Many commonly raised questions in the public sphere are infused with cynicism that any kind of reasonable and realizable agreement can be reached by two diametrically opposed and warring parties. Yet as borne out by experience, common ground can indeed be found to move the talks forward and arrive at bilateral agreements beneficial to the people, and maybe even reach the point of truce and alliance between the GPH and the NDFP in the short to medium term, without either one surrendering to the other at the negotiating table.

But there must be a basic commitment to pursuing peace negotiations not just to still the guns of war but to address its underlying causes.

For those who view the resort to armed struggle to bring about societal change as unnecessary, believe that the long-running armed conflict merely exacerbates poverty and underdevelopment, and deem the overriding goal of the talks should be to get the CPP-NPA to lay down their arms and join the political "mainstream", peace talks can be a desirable and viable way to arrive at a political settlement in a conflict that has been going on for close to five decades.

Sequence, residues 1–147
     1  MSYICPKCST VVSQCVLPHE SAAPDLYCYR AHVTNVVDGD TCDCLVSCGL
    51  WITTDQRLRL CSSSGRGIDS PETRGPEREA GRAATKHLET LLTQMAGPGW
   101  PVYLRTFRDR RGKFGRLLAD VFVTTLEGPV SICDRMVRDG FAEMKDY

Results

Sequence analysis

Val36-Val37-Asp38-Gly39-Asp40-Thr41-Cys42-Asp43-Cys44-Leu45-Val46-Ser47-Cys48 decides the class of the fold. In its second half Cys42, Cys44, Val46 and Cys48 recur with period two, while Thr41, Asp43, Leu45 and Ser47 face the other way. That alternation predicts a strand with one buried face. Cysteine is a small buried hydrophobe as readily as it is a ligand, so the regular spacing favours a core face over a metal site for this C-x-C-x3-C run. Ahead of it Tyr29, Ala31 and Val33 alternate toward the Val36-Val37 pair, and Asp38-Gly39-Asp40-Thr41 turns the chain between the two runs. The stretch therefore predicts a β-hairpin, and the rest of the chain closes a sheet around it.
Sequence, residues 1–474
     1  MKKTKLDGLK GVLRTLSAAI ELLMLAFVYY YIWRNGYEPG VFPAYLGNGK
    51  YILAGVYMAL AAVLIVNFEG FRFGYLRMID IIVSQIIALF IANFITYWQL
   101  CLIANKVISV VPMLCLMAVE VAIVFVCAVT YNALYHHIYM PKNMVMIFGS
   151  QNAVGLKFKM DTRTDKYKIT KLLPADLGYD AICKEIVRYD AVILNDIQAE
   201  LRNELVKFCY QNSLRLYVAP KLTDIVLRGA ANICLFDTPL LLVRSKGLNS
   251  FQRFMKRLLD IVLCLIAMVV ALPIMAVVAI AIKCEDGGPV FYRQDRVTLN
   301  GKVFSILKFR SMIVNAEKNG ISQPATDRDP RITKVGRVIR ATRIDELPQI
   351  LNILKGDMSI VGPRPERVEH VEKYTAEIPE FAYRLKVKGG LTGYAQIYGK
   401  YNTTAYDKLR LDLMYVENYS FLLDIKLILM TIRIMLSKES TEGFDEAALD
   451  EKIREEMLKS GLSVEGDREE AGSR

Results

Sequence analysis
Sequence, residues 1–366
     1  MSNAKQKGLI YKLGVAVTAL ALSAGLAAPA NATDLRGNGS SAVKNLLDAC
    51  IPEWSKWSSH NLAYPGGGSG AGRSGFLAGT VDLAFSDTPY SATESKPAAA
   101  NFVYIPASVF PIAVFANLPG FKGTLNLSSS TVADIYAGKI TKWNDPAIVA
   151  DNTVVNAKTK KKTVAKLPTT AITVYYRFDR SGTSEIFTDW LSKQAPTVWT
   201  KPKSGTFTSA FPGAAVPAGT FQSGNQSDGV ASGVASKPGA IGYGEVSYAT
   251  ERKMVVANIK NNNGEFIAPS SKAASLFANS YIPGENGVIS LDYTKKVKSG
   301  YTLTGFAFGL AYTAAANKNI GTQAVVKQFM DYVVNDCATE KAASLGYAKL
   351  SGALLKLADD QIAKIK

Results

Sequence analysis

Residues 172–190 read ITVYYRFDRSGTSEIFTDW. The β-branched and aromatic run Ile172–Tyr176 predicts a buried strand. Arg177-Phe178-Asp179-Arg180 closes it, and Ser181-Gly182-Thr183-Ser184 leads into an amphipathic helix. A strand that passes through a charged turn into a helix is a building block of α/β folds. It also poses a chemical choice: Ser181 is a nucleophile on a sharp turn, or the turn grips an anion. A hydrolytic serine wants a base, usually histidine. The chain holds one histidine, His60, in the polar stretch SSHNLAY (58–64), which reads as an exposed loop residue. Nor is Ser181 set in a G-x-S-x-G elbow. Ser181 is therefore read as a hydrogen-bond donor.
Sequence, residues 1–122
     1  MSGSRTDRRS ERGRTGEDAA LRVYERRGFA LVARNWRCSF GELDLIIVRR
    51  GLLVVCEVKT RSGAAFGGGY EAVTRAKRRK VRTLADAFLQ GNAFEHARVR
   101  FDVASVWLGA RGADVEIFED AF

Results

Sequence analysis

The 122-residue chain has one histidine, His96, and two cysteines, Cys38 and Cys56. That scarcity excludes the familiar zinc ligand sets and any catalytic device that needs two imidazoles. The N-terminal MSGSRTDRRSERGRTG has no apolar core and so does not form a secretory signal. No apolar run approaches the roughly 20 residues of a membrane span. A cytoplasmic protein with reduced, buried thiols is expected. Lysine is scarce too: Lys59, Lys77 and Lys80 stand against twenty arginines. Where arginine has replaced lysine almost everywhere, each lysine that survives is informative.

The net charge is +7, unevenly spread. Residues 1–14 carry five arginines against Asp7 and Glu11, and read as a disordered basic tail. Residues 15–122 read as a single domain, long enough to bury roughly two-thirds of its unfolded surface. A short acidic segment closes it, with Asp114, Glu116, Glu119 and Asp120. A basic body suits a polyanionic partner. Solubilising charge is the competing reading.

For those who believe that armed revolution is necessary to overthrow an oppressive and exploitative system; that armed struggle is bringing an end to feudal relations in the countryside and empowering the rural folk through a form of shadow government; and who believe the ultimate way to a just and lasting peace is for the revolutionary forces and people to prevail over the defenders of the unjust status quo, peace talks remain a desirable and viable way for the two parties to negotiate an interim or a final political settlement, depending on the prevailing conditions.

People ask, "Are they negotiating in earnest? Do they really want to arrive at a political settlement?" The hardliners argue that by the very nature of the armed conflict, and especially the ideologies underlying each side, the peace talks are mere shadow play, utilized by either side for their own political ends, and thereby are doomed to fail .